Dr Robert Jay Lifton THE NAZI DOCTORS:
                        Medical Killing and the
                            Psychology of Genocide ©
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Sterilization and the Nazi Biomedical Vision 31 
Physicians could thrill to that message. Dr. S., for instance, described joining the Party immediately after hearing Deputy Party Leader Rudolf Hess say, at a mass meeting in 1934, “National Socialism is nothing but applied biology.” And in his work of Nazi medical organizing, this doctor saw himself as primarily spreading a biological message: “We wanted to put into effect the laws of life, which are biological laws.” His medical faction was disdainful of any politics that did not follow that principle: “We understood National Socialism from the biological side — we introduced biological considerations into [Party] policies.” He stressed the conviction that physicians alone possess the necessary combination of theoretical knowledge and direct human experience to serve as the authentic biological evangelists: “Every practitioner has much more knowledge about biology than a philosopher or what have you, because he has seen it.”

At the same time, it was claimed that the desired identity of the Nazi physician evolved naturally from medical tradition — a tradition that now required “Germanizing” and “eugenicizing.” One lavishly illustrated volume by two medical historians was entitled The Face of the Germanic Doctor over Four Centuries. It featured Paracelsus, the great sixteenth-century Swiss-German physician-alchemist, and praised him for both his scientific empiricism and his nationalism. He was quoted as saying, “Each country developed its own sickness, medicine, and its own doctor.” More recent German scientists, especially Carl Correns who did pioneering work in plant genetics, were hailed as having “created the foundation for the eugenic and racial-biological measures of the National Socialist people’s state.” The authors’ SS ranks are included;* and the introduction by Ernst Robert Grawitz, chief physician of the SS, puts forward the concept of the physician, past and present, as the “protector of life” who "knows himself to be deeply obligated to the future of our Volk.”28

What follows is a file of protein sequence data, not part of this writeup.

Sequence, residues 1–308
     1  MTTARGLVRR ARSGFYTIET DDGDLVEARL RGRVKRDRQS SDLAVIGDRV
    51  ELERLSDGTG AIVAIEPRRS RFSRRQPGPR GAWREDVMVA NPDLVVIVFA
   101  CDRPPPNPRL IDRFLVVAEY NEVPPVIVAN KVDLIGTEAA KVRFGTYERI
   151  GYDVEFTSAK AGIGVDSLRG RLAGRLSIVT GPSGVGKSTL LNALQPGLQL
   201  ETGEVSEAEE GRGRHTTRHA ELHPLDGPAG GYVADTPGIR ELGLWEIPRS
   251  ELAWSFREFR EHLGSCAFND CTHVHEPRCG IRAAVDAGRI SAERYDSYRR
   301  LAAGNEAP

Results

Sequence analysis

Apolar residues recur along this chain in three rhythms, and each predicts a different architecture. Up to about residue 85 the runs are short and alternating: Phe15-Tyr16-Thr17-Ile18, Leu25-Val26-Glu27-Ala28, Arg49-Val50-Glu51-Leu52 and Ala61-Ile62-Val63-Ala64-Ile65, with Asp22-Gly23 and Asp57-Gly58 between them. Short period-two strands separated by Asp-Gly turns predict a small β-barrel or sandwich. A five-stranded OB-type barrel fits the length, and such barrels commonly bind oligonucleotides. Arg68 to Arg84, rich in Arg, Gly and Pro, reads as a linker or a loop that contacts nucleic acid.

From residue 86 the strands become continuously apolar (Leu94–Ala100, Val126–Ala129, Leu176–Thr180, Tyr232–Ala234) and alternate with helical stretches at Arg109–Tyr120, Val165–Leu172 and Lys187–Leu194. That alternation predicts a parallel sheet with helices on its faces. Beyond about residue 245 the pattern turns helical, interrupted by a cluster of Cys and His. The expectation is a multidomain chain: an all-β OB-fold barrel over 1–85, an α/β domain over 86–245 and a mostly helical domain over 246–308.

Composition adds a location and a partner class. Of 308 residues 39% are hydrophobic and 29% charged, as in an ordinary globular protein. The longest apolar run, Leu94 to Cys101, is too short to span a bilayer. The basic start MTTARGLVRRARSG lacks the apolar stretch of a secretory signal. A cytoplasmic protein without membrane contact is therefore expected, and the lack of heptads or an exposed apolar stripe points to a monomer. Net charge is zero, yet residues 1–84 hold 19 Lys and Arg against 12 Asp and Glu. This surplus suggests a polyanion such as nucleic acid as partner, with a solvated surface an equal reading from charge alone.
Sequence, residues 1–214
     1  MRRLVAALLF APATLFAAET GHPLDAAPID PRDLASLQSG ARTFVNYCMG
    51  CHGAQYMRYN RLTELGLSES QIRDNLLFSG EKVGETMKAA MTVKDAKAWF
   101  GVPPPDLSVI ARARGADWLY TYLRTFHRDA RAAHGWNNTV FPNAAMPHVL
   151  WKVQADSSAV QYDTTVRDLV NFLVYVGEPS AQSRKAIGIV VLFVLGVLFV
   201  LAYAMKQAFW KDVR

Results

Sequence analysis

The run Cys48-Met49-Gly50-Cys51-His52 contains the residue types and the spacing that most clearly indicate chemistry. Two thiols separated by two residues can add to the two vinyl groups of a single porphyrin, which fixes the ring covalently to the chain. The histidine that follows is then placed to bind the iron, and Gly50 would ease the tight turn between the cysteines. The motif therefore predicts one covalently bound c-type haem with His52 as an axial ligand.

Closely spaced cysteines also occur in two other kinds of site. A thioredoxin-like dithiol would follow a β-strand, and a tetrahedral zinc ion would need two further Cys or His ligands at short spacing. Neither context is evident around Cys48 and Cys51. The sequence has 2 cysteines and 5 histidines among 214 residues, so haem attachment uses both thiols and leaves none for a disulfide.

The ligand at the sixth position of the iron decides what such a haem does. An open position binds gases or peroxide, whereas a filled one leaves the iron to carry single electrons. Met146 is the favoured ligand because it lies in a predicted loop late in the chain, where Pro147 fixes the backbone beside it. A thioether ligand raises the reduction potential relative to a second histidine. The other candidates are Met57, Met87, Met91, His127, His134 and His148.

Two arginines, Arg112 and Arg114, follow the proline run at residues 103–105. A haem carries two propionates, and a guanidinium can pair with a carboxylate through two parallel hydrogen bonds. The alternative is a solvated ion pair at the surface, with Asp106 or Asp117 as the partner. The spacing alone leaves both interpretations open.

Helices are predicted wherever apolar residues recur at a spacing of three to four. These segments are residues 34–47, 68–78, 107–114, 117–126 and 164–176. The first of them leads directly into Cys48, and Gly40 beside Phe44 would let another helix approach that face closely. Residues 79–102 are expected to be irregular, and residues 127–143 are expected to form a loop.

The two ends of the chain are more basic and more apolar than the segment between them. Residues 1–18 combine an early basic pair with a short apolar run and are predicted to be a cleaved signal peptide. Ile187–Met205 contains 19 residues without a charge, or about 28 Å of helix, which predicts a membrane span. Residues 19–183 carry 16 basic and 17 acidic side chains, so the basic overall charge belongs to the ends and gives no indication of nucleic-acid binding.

Another such introduction to a volume on medical ethics was written by Joachim Mrugowsky, a high-ranking SS doctor who became head of the Hygienic Institute, which was responsible for maintaining and dis- […tributing]  
* The SS (Schutzstafel, or defense squadron) began as Hitler’s personal guard unit. Particularly after 1929, under the control of Heinrich Himmler, it advertised itself as an élite corps whose members fit the ideal Aryan model. As such, it attracted considerable support from the aristocracy and professional classes, including physicians. The SS grew in power and influence by purging the less disciplined and lower-class SA in 1934, then by its assumption of control over all police forces during the late 1930s. Himmler purportedly modeled the SS on the Jesuits, with absolute obedience sworn to Hitler. The SS came to be divided into a number of units, including the SD (Sicherheitsdienst, or Security Service), the Office of Race and Settlement, and the WVHA (Wirtschafts-und Verwaltungshauptamt, or Economic and Administrative Department), which administered the concentration camps. The Waffen-SS, or armed SS, amounted to a separate army, indeed existed in rivalry with the regular Wehrmacht. Its units were most involved in the atrocities of the Einsatzgruppen during the early part of the war. During the war the Waffen-SS became increasingly independent and acted more as a regular military force. Utilizing relatively large numbers of “ethnic” Germans from outside the Reich from the outset, after 1942 it depended upon conscription to maintain its forces.

† The concept of “Germanic” physicians included Austrians, Dutch, Belgians, and Scandinavians
Medical Killing and the
Psychology of Genocide

Robert J. Lifton
ISBN 0-465-09094
© 1986
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